The name 'Knaggs' is a highly unusual one in Scotland, coming from the east coast of England and being probably of Danish rather than Saxon or Celtic origin. The first George Knaggs on record as a family member came from Whitby, England [Ed. note: more accurately. Lythe, a couple of miles outside Whitby], a seaman, born in 1786, who arrived in Greenock about 1822, taking on the post of Clyde Pilot. In 1844 Queen Victoria visited Scoland, and George Knaggs piloted the royal yacht to the Tail o' the Bank (WBdoc), the natural deppwater harbour responsible for the success of the Greenock and Clydebank area as a port. He married in Greenock or Glasgow, and I have found a record of the birth of a Jean Kay Knaggs in 1830 to George Knaggs and Janet McNab, in Glasgow (CoS): given the unusual nature of the name, it may not be too far-fetched to supppose that this Janet may have been the mother of the second George Knaggs on record, described by my father as an owner of "boats that took people and supplies to and from the shipping that lay at the Tail, off Gourock, then a fishing village with red herrings as its trade" (WBdoc). [Ed comment: This material needs revising substantially. The first George Knaggs married several times, Mary Ann Anderson was the mother of the second George, and the first George had also arrived in the Clyde area much earlier - he was a deckhand on the Comet when young. See FN  about the second George]
My father believed that the wife of this second George Knaggs had the surname 'Grant'. It however appears from their son George's marriage record that she was Christina Mushet (NRH), and records show them as having several children (ML), although it may be that not all survived. I have not found the birth records of the sailmaker George Knaggs, probably the eldest child, or his sister Marion, who must have been born in the early 1850s, whose marriage is recorded in the same year as that of George, and whom my father remembers as living on the Greenock waterfront with her daughter, Maggie Burns, but at least another five children were born after 1855 (the date from which Scottish records are indexed and therefore easily accessible). It may be that the 'Grant' surname should occur earlier in the family, perhaps among Christina Mushet's ancestors, of whom I have [Ed: in 1988] found no traces. [13a]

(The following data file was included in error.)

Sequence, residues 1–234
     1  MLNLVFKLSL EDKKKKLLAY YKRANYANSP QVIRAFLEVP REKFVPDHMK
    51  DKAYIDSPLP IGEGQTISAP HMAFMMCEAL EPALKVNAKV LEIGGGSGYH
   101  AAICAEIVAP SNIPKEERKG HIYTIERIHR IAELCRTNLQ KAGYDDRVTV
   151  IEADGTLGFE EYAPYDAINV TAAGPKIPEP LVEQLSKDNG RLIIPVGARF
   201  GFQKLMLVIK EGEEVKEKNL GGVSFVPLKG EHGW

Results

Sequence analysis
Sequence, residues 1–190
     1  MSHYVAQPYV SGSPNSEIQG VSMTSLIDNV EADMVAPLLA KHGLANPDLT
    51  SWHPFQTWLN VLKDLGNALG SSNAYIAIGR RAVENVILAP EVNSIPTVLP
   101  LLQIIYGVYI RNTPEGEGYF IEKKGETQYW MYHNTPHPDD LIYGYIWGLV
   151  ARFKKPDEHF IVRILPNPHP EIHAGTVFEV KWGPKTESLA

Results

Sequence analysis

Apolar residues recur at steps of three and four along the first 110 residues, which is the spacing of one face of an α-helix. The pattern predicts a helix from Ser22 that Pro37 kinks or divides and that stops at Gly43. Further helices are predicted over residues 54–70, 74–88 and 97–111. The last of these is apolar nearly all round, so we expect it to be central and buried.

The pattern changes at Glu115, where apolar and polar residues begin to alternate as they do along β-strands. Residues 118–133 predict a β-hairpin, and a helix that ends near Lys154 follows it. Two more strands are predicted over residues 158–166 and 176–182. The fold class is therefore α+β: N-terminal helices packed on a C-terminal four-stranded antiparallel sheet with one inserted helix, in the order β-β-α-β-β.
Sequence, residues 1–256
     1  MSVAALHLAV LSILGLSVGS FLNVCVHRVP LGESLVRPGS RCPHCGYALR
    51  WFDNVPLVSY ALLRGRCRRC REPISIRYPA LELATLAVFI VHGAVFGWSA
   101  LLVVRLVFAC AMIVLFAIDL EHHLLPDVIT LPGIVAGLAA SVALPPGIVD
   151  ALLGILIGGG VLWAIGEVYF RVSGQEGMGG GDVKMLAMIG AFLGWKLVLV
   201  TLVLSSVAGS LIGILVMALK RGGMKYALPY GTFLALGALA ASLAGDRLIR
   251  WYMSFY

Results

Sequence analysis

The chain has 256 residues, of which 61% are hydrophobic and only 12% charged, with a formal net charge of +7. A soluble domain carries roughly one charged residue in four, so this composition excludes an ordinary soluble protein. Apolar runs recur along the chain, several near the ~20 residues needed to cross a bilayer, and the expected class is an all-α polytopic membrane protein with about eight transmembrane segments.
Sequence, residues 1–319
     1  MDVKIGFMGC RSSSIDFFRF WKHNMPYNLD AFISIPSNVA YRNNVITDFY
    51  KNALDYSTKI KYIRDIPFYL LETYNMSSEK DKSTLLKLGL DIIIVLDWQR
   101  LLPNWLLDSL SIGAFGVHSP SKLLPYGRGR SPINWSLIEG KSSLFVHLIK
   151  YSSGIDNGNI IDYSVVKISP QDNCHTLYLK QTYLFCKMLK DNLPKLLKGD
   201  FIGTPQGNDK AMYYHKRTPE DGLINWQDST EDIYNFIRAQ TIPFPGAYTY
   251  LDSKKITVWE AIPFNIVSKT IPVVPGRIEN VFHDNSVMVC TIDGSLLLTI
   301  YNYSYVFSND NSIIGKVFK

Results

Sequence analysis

[11b] Ed comment. Possibly they met in Ireland earlier. It is more likely that the MacLachlans had migrated to the Clyde area for work - the McLachlans were living in Crawford Lane in Greenock at the time of the 1871 census. However, Elizabeth was born in Ireland, from the 1881 census record, at which time her sister, also a tailoress, was staying with Elizabeth, George and five children. Details of McLachlan and Knaggs families will be at The Knaggs and McLachlan lines.
 But now one presumes on shorter voyages, given the rapid succession of births!
 This footnote originally said: The description 'Licensed Porter' which appears on his son's marriage record (NRH) bears this out: it refers to a transporter of carrier of people and goods by water, rather than someone who manually lifts and moves objects. Ed comment: from later information, it seems that 'licensed porter' or 'badge porter' does rather mean somebody carrying bags, from the station. This George Knaggs, however, earlier appears as an 'apprentice pilot' in a census. Whatever happened, his situation in 1861, as described in the census, was of living in a windowless household with his wife Christina Mushet and 7 children, which would be a far cry from that of a 'transporter by water'. Like so many others, this family had come down in the world.
[13a] Thanks to several other descendents of Christina Mushet and George Knaggs, I now have rather more full information which I will endeavour to place here at a later date. Also for the earlier history of the Knaggs family in Lythe, near Whitby, and the later history of those who stayed there, please see the webpages of Jeffrey Knaggs who is a rather distant cousin, also descended from the Knaggs in Yorkshire